- What can I say instead of you too?
- Can you say I too?
- Which is correct you to or you too?
- How do you say thank you too?
- Is it to well or too well?
- Is there a comma in you too?
- Is us too correct grammar?
- Do Ditto mean right back at you?
- Do you put a comma after I Love You?
- Is it to or too at the end of a sentence?
- Is it thanks you too or to?
- Can I say you too as well?
- What word means right back at you?
- Does Touche mean right back at you?
- What means back at you?
What can I say instead of you too?
you too / synonymslikewise.
adv.back at you.
adv.same to you.
phr.feeling is mutual.
phr.and for you.
Can you say I too?
“Me too” is an elliptical way of saying “[It’s from] me too.” Here, “I too” would be incorrect. You’d never say “It’s from I too.” On the other hand, if we say, “We’re hungry,” and you respond, “I too,” you’re technically correct though unnaturally formal (more on that later).
Which is correct you to or you too?
To is a preposition with several meanings, including “toward” and “until.” Too is an adverb that can mean “excessively” or “also.” Just to be clear: two is pronounced the same as to and too, but it can’t be used instead of either of them because it’s a number.
How do you say thank you too?
Originally Answered: Can I say “thank you too” when someone say “thank you” to me? You could. But acknowledging the thanks first would be more polite. Standard: “You’re welcome!
Is it to well or too well?
The only difference is in their placement in the sentence. Too and as well are used at the end of a sentence. (As well is more formal than too). Also usually goes before the verb or adjective.
Is there a comma in you too?
Well, it depends on the intention of the writer. When using the word too, you only need to use a comma before it for emphasis. According to The Chicago Manual of Style, a comma before too should be used only to note an abrupt shift in thought.
Is us too correct grammar?
“I do, too.” then it takes the same form for each of the other pronouns. so, “Me, too”, “Us, too!” It is colloquial, and definitely sounds a little “not-quite-grammatical”, but is very common.
Do Ditto mean right back at you?
What does it mean when someone says right back at you? right back at you. An exclamation used to express the same sentiment back to the original speaker; same as “you too” and “same to you.” Primarily heard in US, South Africa.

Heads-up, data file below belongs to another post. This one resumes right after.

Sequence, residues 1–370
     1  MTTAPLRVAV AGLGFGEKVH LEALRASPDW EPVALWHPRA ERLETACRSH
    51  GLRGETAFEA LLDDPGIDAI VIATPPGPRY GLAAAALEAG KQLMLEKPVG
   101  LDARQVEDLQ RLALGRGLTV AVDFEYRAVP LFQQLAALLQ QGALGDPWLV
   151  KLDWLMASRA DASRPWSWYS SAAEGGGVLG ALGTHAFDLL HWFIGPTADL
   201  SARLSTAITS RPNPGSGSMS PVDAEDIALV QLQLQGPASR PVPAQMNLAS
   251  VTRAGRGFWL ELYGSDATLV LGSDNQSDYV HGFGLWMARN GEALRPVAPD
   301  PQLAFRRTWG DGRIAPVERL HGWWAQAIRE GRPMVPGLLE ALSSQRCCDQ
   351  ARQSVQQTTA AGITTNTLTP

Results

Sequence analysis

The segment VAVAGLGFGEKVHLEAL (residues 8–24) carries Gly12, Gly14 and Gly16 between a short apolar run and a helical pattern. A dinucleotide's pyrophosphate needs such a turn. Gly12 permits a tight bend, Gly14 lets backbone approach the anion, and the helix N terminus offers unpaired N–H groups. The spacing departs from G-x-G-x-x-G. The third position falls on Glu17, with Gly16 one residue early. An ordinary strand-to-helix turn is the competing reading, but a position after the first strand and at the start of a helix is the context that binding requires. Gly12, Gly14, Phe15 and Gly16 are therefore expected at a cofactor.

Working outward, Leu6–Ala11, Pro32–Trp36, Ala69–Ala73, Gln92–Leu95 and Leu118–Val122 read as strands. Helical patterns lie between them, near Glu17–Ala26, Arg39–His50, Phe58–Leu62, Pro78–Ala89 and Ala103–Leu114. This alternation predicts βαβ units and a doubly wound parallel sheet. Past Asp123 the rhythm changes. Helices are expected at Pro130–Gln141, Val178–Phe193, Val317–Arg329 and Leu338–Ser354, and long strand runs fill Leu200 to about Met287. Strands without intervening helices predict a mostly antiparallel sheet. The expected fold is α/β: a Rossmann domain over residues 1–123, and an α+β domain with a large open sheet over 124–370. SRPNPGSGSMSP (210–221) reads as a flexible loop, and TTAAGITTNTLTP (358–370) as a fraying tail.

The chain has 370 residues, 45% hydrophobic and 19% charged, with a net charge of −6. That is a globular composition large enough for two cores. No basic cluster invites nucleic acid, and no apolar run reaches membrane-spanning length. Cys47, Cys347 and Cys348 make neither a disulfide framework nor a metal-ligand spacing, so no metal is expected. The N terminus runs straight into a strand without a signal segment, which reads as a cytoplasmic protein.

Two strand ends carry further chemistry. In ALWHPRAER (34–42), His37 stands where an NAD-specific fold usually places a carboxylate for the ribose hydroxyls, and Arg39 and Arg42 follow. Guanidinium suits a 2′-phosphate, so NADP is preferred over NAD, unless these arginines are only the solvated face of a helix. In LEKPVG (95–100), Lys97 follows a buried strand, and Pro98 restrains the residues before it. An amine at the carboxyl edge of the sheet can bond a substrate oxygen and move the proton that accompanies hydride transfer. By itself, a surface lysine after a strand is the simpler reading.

Do you put a comma after I Love You?
Commas are generally used to set off proper names when those proper names provide non-essential information. So, the comma should be included in the phrase “I love you, Spencer.” A noun or noun phrase that precedes or follows another noun for the purpose of identifying that noun is called an appositive.
Is it to or too at the end of a sentence?
You can end a sentence with “to” if you want to. But you don’t have to. You can end a sentence with neither one, too. In other words, you can end with either, depending upon the circumstances.
Is it thanks you too or to?
The sentence “Thank you to you, too.” is indeed grammatically correct. However, to some of us native English Speakers who don’t really care for pretentious attitudes toward formal usages of English grammar, we would think you are trying to be pedantic grammatically for sake of appearance, rather than naturally polite.
Can I say you too as well?
“You too” is really grammatical as well, but it works.
What word means right back at you?
An exclamation used to express the same sentiment back to the original speaker; same as “you too” and “same to you.” Primarily heard in US, South Africa. A: “You’re one of the nicest people I know.” B: “Aw, thanks!
Does Touche mean right back at you?
interjection. Touché is defined as a word used to acknowledge a clever point made at someone else’s expense. An example of touché is what you say when you are having a conversation with someone and they make a point at your expense, showing why they are right and you are wrong.
What means back at you?
(idiomatic, US) Used to return a greeting or insult. Synonyms: same to you, likewise. “Hey, good luck with that, buddy!” / “Right back at you, man!”